It’s also possible to use scents to create positive associations, though it must be done carefully to avoid irritating those with sensitivities or allergies. Fresh flowers are one strategy, Mellergaard says, but she warns that pollen-producing flowers might aggravate asthma. Alternatively, she suggests aroma machines that give off subtle scents, such as the smell of a wild flower garden, a forest, citrus, fresh linen, or leather. “It’s an option that’s not outrageously expensive, and unlike other strategies, like flowers or plants, it’s not labor-intensive,” says Mellergaard. One firm that provides such services: AromaSys Inc. in Minneapolis, which is currently used by six jewelers nationwide.
According to the Chicago-based Smell & Taste Treatment and Research Foundation, there is a correlation between the introduction of appealing scents and an increase in sales. Alan R. Hirsch, M.D., neurological director of the organization, cites a study showing people will spend longer at a jewelry counter in the presence of a pleasant smell. He also notes that “of all the human senses, the olfactory has the greatest impact on the emotions because the olfactory sensory apparatus is intertwined with the limbic system – the part of the brain associated with emotions.”
The sound of silence. Sound is another way to create a selling atmosphere that can also be problematic. Run the same four CDs continuously, day after day, and the staff may get so irritated they pop the Spice Girls into the stereo when the manager steps out to lunch. When music creates a mood that appeals to your target customer, though, it can enhance the shopping experience. One option is to use a firm such as AEI Music Network Inc. in Seattle, which matches music selections to a particular store’s demographics.
A different approach would be to install acoustic muffling to create silence (virtually every store should do this to banish shop noises such as the jeweler’s polishing wheel and steamer from the selling area). “In metropolises where people are stressed by noise, to walk into a space that looks great and sounds peaceful gives you an immediate ‘aah,’ and that’s a very good feeling for a jeweler to encourage,” says Mellergaard.
Another sound-related design trend: an indoor waterfall that imparts an atmosphere of serenity. Just make sure it doesn’t sound like a urinal. In the James Elliot store, which has created the feel of an outside space inside the store, a black granite waterfall was installed on a back wall. “We love the sound of water, and thought it was relaxing,” says Krigel. Tabletop fountains are another way to achieve the same effect, with a significantly smaller investment.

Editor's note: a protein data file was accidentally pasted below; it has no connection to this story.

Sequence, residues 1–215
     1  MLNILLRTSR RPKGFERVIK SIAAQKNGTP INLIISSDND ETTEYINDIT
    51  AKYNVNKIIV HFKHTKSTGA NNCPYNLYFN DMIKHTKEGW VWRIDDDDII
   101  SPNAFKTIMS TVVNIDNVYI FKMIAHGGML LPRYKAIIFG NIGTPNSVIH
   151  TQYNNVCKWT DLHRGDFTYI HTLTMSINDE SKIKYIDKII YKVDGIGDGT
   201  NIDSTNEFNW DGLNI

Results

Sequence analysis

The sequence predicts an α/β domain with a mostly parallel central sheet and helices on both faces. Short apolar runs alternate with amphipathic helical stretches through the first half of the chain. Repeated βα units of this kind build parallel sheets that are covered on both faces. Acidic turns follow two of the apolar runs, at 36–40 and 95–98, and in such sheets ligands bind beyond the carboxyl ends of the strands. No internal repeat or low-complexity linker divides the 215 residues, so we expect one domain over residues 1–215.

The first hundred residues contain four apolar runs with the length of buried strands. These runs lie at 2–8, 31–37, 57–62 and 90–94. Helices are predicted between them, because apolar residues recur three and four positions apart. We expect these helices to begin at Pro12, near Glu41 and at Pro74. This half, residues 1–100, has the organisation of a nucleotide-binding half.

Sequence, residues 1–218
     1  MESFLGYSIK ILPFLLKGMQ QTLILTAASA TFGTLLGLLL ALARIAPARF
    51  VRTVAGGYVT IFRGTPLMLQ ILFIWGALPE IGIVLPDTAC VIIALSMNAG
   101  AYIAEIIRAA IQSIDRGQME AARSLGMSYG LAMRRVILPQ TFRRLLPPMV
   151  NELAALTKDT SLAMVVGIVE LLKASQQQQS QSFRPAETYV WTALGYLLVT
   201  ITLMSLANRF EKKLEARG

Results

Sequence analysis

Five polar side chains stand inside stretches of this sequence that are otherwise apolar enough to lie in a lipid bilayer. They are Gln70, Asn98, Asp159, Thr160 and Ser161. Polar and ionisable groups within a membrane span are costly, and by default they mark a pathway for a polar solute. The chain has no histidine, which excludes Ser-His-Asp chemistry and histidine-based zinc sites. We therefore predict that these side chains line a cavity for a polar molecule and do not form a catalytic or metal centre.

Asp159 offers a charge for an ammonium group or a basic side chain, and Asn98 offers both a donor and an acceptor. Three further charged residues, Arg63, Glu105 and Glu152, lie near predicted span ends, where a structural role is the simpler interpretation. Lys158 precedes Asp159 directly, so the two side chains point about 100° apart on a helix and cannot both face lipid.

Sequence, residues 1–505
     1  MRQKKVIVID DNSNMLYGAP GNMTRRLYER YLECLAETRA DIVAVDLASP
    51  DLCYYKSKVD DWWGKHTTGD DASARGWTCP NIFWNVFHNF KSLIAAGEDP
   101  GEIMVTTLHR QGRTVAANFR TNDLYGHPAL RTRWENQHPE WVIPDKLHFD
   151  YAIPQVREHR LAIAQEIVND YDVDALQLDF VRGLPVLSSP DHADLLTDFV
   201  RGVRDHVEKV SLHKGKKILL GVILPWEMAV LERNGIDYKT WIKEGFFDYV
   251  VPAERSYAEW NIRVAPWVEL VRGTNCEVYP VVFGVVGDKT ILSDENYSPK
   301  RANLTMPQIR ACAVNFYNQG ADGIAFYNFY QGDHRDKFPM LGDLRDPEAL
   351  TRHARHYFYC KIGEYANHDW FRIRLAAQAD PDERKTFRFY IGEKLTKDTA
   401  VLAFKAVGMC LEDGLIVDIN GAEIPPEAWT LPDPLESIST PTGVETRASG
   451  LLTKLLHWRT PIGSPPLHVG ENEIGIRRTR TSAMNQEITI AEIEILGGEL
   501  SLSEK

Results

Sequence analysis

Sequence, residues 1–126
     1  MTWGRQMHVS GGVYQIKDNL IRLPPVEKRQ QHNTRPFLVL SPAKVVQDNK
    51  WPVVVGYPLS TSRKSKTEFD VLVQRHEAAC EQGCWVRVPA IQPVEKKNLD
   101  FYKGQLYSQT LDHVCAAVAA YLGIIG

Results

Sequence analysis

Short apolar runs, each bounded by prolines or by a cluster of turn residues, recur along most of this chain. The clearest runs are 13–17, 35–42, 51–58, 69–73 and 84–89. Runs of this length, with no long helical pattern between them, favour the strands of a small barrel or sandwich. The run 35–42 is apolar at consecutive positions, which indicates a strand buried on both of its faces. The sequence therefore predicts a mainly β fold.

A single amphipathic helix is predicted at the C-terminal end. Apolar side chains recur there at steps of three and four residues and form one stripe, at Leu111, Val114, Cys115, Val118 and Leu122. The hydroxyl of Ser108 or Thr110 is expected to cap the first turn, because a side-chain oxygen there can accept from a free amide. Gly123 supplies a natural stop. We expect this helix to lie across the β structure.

A contrast of textures. The sense of touch provides yet another subliminal way to communicate your store’s identity. Again, at James Elliot, which opened about a year ago, a sense of permanence was created by the look and feel of a specially designed, intricately patterned stone floor made of pietra stone, travertine tiles, and black granite tiles.
That mixture of materials represents a trend toward the use of mixed materials throughout the store – all of which subtly transmit sensory stimulation. Flooring, for instance, can be a combination of hard and soft surfaces such as carpet, hard stone, or marble that together “create a contrast of textures that add interest in support of the store’s image and personality,” says Greg Gorman, creative director of GMG Design Inc. in St. Louis.
When a showcase is composed of mixed materials (a combination of woods, metals, or stones, for instance), “the intricacy draws the eye in and helps the customer focus on the product,” says Mellergaard. She says the use of mixed materials is of particular value to “jewelers with interesting merchandise who are looking for innovative ways to present product and separate collections.”
Added appeal for the eye. Though visual elements are the most obvious aspect of store design, a few points typically are overlooked. Gorman notes that vertical design features draw customers into a store. He recommends coffered ceilings or varying heights in the ceiling and in ceiling light fixtures, special wall treatments, vertical showcases, and even visual obstructions that create a sense of mystery.
“The downside of having no vertical interest,” Gorman says, “is that if someone quickly glances into a store, there is no merchandise visible nor any visual excitement, and they move on. People go to stores where they are comfortable or for reasons they can’t even explain, like ‘wow, that’s a pretty cool wall.’ ”